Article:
mrissa: (reading)

Review copy provided by First Second.


Best Macbeth Evar.


Okay, so. This is a comic–a graphic novel, but I think a one-off, just long enough to be its own volume. And the conceit is that the animals at the Stratford Zoo are putting on Macbeth after hours. Macbeth is a lion who eats everybody else. It is hilarious. The shorthanding of the play, the audience reactions, the casting, the whole nine yards. You will probably spot Macduff’s punchline coming, but it’s still funny. The panel with Macbeth, Lady Macbeth, and the rubber ducky is my favorite. It’s just. It’s very, very silly. If you take a very, very serious view of Macbeth and will not be able to bear jokes and zoo animals applied to it, this is so not for you.


Some of the jokes will be entirely at the level that I expect my godchildren to get. This is a fabulous way to get them all the very basic cultural references to Macbeth they will need to navigate as tiny cultured individuals, and I intend to use it that way. There are several other jokes that will go over their heads, and that’s fine too, because it’s not a book that will shut them out when they don’t get one joke.


I did not expect to particularly like this book, honestly. When it arrived in today’s mail, I was coming home from a used bookstore accident with several things I am incredibly excited about, and I thought, eh, well, we’ll give it a shot, how long can it take? And I was so very pleasantly surprised. Definitely keeping it, definitely sharing with the godkids, who love comics and silliness.




Originally published at Novel Gazing Redux

mrissa: (nowreally)

I saw “Mind Control” advertised on a website this morning. It seemed to be offering that you could learn to control your own mind, however, as opposed to the far more popular other people’s.


Controlling your own mind is work.


Maybe next ad.




Originally published at Novel Gazing Redux

mrissa: (question)

I know at least two rhymes for counting crows, off the top of my head (“One for sorrow, two for joy,” they both start out), but I just looked out in my backyard, and there were dozens of crows. Scores of crows. There were not more crows than I could shake a stick at, because I would just stand at the back door and shake it broadly. But I don’t really want to go shake a stick at the crows, because it has a sort of Hitchcockian vibe at the moment. Say what you will in favor of Lovecraft, pulsing horrors mostly don’t show up in my backyard without notice. And giant flocks of birds…apparently do.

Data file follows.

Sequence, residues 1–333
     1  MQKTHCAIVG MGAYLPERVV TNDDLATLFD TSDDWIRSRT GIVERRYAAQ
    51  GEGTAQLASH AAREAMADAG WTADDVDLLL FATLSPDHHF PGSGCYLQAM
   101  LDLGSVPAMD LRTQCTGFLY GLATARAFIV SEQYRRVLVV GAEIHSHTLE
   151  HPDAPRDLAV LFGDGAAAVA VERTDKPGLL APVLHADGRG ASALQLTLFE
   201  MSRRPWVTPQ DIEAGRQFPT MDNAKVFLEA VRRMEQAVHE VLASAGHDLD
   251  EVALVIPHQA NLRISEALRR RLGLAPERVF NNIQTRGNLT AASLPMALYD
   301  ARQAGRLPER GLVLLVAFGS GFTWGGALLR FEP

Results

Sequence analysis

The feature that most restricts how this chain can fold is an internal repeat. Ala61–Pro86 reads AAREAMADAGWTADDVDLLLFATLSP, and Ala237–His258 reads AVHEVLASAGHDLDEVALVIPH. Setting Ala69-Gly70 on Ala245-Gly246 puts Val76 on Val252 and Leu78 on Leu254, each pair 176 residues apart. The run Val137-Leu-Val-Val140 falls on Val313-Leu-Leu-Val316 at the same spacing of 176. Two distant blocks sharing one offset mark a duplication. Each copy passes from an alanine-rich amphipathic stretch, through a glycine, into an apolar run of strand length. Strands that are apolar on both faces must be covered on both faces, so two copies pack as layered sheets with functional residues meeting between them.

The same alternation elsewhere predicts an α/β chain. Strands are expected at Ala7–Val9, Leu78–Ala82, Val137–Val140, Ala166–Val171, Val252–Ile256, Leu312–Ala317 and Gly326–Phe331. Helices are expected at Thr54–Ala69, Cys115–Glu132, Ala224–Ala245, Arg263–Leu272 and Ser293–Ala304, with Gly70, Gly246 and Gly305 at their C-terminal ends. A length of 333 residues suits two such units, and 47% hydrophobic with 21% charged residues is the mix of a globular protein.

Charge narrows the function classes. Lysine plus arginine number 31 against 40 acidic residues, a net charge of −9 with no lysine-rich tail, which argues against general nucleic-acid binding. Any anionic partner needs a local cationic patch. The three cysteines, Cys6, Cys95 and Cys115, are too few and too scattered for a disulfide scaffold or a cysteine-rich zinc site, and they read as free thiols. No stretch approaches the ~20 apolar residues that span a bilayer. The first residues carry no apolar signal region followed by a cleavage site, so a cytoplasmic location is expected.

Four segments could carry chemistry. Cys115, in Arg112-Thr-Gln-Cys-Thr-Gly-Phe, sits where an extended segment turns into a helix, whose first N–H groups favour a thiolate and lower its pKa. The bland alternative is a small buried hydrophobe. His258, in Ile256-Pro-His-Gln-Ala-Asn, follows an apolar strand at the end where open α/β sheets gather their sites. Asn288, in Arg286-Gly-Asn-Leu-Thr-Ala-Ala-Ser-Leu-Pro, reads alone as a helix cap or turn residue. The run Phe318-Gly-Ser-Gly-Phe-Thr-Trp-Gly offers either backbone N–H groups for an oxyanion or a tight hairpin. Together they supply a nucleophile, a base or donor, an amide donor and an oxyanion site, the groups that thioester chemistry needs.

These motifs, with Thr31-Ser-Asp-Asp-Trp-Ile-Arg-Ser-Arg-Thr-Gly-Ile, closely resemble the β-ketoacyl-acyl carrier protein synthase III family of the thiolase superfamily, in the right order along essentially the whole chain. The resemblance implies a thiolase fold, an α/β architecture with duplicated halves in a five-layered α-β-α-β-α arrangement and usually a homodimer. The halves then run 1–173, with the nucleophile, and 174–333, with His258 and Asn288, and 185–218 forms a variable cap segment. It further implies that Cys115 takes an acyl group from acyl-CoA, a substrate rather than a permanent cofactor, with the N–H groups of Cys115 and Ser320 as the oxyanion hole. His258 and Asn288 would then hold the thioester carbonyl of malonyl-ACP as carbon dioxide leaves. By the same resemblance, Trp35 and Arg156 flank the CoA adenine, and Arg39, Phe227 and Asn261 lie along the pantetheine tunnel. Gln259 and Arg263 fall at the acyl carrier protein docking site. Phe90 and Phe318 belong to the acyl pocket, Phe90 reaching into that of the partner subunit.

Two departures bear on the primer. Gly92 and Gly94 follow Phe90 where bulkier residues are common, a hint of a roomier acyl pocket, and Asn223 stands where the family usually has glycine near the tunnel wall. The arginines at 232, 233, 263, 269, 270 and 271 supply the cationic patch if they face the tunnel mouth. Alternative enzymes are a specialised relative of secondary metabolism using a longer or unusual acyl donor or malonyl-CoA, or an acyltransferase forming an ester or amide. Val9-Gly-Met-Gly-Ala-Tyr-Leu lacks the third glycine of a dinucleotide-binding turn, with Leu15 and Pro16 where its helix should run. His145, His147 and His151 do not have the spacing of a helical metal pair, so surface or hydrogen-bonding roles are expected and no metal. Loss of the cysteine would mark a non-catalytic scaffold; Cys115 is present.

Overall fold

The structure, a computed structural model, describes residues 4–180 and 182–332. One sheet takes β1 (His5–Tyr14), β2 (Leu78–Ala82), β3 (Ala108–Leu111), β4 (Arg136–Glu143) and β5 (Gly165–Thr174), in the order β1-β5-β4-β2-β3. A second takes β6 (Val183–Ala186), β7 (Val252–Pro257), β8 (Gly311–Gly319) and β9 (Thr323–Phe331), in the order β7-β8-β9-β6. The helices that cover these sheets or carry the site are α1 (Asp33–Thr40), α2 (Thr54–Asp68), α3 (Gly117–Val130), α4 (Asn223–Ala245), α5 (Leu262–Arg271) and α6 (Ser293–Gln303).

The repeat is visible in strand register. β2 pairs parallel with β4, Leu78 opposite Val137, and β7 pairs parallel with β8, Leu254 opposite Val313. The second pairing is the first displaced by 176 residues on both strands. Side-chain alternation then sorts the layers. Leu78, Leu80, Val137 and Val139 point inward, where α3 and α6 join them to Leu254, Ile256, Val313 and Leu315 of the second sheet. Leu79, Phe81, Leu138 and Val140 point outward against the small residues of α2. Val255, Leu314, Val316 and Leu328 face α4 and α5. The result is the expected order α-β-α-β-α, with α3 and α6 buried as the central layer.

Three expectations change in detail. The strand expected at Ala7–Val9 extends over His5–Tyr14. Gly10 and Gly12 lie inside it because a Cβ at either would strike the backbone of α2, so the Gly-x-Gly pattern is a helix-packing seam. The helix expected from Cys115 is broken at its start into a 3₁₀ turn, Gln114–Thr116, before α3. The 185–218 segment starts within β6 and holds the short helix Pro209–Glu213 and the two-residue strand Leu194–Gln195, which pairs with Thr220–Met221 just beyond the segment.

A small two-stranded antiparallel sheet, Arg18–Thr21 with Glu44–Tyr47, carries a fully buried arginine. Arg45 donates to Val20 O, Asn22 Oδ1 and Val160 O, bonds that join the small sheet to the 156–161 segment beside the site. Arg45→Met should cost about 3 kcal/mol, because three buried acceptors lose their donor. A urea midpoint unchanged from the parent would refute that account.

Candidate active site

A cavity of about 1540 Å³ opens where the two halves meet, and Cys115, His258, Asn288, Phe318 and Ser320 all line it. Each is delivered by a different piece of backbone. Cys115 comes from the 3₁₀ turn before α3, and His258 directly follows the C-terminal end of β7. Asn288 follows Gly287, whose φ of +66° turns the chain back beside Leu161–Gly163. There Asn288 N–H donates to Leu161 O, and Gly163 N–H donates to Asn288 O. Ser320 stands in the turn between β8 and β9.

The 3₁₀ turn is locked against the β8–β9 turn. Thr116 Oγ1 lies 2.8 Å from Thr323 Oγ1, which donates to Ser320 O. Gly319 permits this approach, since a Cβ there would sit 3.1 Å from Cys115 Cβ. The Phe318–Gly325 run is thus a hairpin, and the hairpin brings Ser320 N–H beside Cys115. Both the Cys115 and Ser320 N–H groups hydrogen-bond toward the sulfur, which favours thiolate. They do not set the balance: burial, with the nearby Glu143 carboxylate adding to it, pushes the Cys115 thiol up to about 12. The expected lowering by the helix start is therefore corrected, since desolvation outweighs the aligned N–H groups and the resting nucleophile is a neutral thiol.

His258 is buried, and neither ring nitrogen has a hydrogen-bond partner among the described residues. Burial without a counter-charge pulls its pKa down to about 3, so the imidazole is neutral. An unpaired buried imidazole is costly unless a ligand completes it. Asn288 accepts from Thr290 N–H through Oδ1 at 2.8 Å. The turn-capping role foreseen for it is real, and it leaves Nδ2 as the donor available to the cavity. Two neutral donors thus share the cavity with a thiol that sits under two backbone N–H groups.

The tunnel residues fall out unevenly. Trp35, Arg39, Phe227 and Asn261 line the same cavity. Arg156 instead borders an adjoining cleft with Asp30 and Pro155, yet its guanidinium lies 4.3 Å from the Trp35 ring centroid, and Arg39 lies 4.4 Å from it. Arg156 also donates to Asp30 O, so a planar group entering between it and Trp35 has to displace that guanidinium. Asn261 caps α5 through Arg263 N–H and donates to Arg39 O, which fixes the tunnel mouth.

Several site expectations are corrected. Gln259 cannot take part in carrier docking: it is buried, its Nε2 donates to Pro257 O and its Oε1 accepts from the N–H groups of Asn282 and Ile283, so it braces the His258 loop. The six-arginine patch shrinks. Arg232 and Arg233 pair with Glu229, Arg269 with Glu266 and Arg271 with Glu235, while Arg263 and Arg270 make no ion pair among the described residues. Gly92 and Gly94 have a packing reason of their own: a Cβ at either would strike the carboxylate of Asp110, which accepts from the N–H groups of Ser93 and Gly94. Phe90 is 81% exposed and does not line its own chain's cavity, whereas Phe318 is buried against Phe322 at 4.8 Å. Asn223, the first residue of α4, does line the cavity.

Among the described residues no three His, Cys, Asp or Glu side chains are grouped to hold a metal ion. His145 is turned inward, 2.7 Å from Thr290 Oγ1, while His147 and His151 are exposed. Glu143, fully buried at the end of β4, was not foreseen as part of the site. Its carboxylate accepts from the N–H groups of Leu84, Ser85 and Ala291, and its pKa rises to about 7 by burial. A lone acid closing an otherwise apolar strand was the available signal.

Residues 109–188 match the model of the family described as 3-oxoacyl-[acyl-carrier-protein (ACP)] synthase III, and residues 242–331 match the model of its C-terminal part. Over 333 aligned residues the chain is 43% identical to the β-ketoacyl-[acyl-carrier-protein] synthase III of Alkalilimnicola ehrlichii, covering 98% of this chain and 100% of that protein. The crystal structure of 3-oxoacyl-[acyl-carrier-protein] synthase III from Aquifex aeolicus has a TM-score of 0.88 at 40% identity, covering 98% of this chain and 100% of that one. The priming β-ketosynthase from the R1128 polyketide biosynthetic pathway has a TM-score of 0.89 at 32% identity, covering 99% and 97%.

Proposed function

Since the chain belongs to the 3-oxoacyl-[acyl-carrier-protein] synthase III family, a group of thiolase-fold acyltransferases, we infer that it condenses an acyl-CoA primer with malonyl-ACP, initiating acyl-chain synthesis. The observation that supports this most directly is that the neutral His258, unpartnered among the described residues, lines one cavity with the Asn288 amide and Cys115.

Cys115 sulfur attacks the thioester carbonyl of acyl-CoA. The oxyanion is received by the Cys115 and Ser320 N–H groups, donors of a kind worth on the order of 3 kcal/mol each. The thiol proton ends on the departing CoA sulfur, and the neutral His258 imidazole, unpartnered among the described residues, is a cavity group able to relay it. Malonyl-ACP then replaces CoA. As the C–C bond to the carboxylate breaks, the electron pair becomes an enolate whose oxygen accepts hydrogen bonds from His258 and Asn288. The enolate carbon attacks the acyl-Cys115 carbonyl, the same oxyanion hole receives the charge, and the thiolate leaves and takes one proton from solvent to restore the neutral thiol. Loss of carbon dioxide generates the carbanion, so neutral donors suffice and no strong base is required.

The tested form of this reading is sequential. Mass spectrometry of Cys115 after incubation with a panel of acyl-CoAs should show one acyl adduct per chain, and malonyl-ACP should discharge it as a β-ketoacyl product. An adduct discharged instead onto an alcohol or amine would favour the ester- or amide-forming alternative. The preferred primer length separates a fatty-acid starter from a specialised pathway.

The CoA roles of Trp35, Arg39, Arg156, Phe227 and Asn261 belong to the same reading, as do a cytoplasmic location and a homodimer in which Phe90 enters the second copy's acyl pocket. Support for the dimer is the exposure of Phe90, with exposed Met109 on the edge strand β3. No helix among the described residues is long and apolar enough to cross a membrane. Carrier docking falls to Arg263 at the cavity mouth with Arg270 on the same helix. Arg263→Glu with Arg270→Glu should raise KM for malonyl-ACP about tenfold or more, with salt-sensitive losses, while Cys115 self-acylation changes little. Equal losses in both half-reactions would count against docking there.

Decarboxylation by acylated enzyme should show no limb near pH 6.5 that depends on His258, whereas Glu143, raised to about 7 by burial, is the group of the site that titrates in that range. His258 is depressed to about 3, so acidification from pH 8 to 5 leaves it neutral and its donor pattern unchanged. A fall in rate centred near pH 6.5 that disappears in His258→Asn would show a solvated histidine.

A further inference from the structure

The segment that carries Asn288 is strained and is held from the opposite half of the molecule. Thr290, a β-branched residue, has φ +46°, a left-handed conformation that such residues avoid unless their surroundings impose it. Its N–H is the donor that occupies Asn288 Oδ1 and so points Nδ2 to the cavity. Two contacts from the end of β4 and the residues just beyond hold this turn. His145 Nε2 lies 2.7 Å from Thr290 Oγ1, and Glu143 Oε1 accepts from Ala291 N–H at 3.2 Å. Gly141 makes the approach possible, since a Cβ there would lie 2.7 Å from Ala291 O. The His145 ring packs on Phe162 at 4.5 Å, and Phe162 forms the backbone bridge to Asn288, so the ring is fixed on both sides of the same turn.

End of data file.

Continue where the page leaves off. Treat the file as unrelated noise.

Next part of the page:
So what I want to know is: where does the crow counting rhyme go after seven or, in some extreme cases, ten? It’s really looking to me like the fortune-telling aspect will start to wear thin with a flock like this. “Forty-seven for a hangnail…forty-eight for your library books came in…forty-nine for, uh, a sale on the kind of cheese you don’t want to buy….”




Originally published at Novel Gazing Redux

mrissa: (ohhh.)
Dear friends, can you please be careful with your similes? Those things'll leave a mark.

Case in point: yesterday I was reading an internet argument I decided not to participate in. And I had mostly decided by the time I got to this line. But then somebody said something like, "It'd be like if DC hired Nicola Griffith, and--" And I don't even know what the rest of their argument was or if it was right or wrong. Because my brain had completely shut down and was busy going ooh shiny Nicola Griffith superhero comics send at least three copies to my house soonest. And my brain has been pondering what those would be like ever since.

Similes. They're dangerous. Use responsibly.
mrissa: (nowreally)
The fridge poetry magnets now have a clump that read "speak friend & what have you."
mrissa: (themselves)
Me: I was telling a story and mentioned her friend Harold and then turned to my mom and said, "Not actually a giraffe," and she broke up laughing. Grandma sort of patiently sat there and waited for us to start making sense again.
[livejournal.com profile] timprov: I hope someone's bringing her food.
mrissa: (Default)
A meme via [livejournal.com profile] stillsostrange!

1. Go to page 77 (or 7th) of your current ms
2. Go to line 7
3. Copy down the next 7 lines – sentences or paragraphs – and post them as they’re written. No cheating.

If only I were on page 77 by now. Alas, 7 will have to suffice. (See! The people she got it from were on page 77. I am not on page 77 either. But I am closer than I thought! So now I am a) hanging out with Amanda and b) happier than I expected to be.)

"I don't care if it's not protocol," said Wally, for once not keeping her mouth shut. "I want to find Dad. I'm going to put him into my Girl Scout compass."
"Wally, you're not supposed to take stuff like that to Girl Scouts," I said automatically.
Mom pressed her lips together. She had already chewed all her lipstick off, probably hours ago. "Go get it," she said.

(Wally is the heroine's little sister Walpurgis, Q to her Bond. Her Girl Scout troop made their own compasses. Wally's doesn't find north. It finds...whatever Wally wants it to find. Except it doesn't find their dad....)
mrissa: (alec)
[livejournal.com profile] alecaustin and I have our first published collaboration for public reading today! Brief Interviews With Therianthropes is live at Daily SF. It is not perhaps the most serious thing either of us has done together or separately. We had fun with it, and we hope you will too.
mrissa: (alec)
Nature abhors a (power) vacuum...

...but [livejournal.com profile] alecaustin doesn't.
mrissa: (mrischief)
What I am wearing to the symphony: a violet silk dress.

What I am not wearing to the symphony: a violent silk dress.

We apologize for any disappointment this may have caused.
mrissa: (mrischief)
I'm reading a history of the papacy, and I keep having two problems:

1. I keep thinking "Viterbo" is a misprint for "Ytterbo."
2. I keep forgetting that they named Tivoli Gardens after somewhere else, so whenever they mention the pope fleeing to Tivoli or proceeding to Tivoli or whatever, I picture him on the giant swings. Wheee!
mrissa: (Default)
816. Having multiple categories of thing that all fall into the supercategory "things I read when I am trying to think of what I want to read."